The guy didn’t even hesitate. ‘Frankly, both. And I know you don’t like to hear that.’
Bobby looked at his watch: 4:07. ‘You and your camera are going to fuck this up. Get out of here.’
‘Look, I don’t want to fuck this up for you. I don’t. I want to see this guy caught. Just let me sit here, I’ll be quiet. I’ll be good. I won’t even pick up a camera,’ he begged. ‘Only if he shows. And only if there’s an arrest. Fair? If anything goes down – just let me have the story. That’s all I want. The story. If it’s over tonight, I want to be the one who gets it. He started it with me, it should end with me. It’s only fitting.’
‘I am not making deals with you.’
‘Can you give me a name? Details? What you know about him?’
‘Your face is on the news every night. If he sees you, Felding, it’s over.’
‘Only if he watches Channel Six,’ Mark added with a smile. ‘And apparently, need I remind you, our psycho has a thing for you as well, Agent Dees. If he sees your face, I would imagine it’s over, too.’
‘Get the fuck out of here. I won’t tell you again –’
The radio crackled to life. ‘Possible subject approaching. Black four-door Lexus.’ It was the LEACH eyeball.
‘ES,’ came the response. It was Lou Morick, another LEACH operative. ‘It’s a Lexus ES. Maybe ′03, ′04.’
LEACH, PBSO and the Picasso task force members were all on the same surveillance channel, so there was no need to go through dispatch or talk radio-to-radio. Chatter came fast and furious.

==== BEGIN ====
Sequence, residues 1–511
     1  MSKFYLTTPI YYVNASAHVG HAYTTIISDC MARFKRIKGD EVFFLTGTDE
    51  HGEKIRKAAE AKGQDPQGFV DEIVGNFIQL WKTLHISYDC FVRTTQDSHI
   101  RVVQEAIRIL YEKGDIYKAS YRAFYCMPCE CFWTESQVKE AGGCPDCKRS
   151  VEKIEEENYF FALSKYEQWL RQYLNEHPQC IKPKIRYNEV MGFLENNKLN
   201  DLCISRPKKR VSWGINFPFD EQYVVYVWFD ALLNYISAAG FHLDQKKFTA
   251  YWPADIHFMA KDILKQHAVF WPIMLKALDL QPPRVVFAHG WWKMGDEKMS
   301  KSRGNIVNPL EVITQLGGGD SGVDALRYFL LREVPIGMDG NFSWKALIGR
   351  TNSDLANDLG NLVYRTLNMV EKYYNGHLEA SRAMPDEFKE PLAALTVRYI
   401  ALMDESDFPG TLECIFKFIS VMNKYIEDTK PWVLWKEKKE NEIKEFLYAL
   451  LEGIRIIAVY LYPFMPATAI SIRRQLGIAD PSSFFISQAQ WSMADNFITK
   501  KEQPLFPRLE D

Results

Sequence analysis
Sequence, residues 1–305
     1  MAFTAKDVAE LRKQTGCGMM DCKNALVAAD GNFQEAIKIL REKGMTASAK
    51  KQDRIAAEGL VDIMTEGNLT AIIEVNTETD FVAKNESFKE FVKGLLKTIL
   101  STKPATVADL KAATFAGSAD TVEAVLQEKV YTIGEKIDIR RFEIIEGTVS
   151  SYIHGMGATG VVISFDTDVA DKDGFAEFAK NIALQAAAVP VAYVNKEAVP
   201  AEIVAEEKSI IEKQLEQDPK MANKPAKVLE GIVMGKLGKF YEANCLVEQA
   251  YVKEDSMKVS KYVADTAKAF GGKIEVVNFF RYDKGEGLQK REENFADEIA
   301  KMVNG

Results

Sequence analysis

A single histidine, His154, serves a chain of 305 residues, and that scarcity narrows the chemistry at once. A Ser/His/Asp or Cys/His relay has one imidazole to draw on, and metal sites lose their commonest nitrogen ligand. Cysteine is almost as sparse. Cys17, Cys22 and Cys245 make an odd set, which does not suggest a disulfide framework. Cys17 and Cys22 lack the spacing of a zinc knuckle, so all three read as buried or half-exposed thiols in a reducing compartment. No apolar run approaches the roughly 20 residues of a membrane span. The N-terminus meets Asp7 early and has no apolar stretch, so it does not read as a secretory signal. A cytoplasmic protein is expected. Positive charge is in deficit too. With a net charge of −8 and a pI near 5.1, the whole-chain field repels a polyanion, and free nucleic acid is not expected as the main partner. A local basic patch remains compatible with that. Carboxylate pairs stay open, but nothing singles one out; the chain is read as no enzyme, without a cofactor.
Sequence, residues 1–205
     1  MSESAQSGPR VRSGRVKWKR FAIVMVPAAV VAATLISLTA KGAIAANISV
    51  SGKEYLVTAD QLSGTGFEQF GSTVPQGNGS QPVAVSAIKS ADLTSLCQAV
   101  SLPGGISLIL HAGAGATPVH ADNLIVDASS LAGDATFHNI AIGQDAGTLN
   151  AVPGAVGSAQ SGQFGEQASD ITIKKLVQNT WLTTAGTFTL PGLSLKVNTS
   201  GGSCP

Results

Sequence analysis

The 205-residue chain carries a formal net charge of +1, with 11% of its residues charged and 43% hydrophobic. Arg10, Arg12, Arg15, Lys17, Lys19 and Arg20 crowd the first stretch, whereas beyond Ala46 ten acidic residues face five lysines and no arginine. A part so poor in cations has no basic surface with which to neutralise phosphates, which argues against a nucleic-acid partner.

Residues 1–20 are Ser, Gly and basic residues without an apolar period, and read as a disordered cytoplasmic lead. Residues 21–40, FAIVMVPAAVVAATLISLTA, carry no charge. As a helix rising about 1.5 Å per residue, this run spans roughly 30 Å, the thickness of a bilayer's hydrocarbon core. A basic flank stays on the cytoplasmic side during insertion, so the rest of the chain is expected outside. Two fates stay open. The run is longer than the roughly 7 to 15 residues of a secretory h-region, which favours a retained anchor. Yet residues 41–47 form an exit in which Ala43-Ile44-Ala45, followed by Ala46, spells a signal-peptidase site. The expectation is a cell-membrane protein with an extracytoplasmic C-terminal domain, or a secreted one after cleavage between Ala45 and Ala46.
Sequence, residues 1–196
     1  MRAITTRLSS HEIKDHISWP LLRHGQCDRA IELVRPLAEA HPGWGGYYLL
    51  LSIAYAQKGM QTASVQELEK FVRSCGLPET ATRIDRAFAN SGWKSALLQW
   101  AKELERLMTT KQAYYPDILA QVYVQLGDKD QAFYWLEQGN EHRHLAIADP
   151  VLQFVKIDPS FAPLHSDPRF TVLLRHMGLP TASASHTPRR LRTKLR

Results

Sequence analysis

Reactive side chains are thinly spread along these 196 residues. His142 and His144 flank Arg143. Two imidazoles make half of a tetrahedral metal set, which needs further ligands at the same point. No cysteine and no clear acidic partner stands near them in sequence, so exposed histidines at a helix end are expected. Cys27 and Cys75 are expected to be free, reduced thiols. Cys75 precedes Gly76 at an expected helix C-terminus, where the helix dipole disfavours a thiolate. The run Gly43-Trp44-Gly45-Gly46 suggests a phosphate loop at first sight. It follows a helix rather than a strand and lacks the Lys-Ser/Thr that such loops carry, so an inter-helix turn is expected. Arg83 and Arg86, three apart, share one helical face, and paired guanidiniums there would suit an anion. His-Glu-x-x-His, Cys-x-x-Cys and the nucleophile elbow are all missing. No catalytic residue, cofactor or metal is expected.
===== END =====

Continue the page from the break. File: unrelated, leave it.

‘Tinted windows. Can’t get a look at the driver. Moving slow through the parking lot. Can you get a tag, Mike?’
‘Florida tag. X-ray, Seven, Zebra, Delta, Three, Seven. Can’t read an expiration date from here.’
‘OK, 1622, run that,’ Kleiner, the PBSO Special Investigations Lieutenant who was running ops from the NW corner, ordered.
Shit. It was happening now and he was babysitting. ‘You move from this spot, you pick up a camera and I will arrest you for obstruction. This isn’t Cops. This isn’t some fucking TV show.’ Bobby called in. ‘FYI. I’ve got a reporter sitting here in front of the Family Dollar.’
‘What the hell?’ It was Kleiner.
‘Who’s that, Bobby?’ Zo asked. ‘It ain’t that weasel Felding, is it?’
The eyeball broke in. ‘Natalie’s approaching the passenger-side window. 10-23.’
10-23 meant stand-by.
‘She’s not miked, so watch for the signal,’ Morick cautioned.
‘This better not be on the news,’ Mike Hicks grumbled over the air. ‘This ain’t Dateline.’
‘Passenger window’s coming down. Still no visual.’ ‘She’s talking to the subject.’
‘Plate’s back. It’s a stolen tag. Comes back to a black Benz.’
‘OK. Wait for the signal,’ Kleiner ordered. ‘If he runs, stop him, but until then let’s see what he does. Let Natalie do her magic.’
‘I’ve got a marked PBSO unit turning off westbound 45th into the McDonald’s parking lot,’ reported Ciro.
‘Who’s that? Is it one of ours?’ asked Hicks.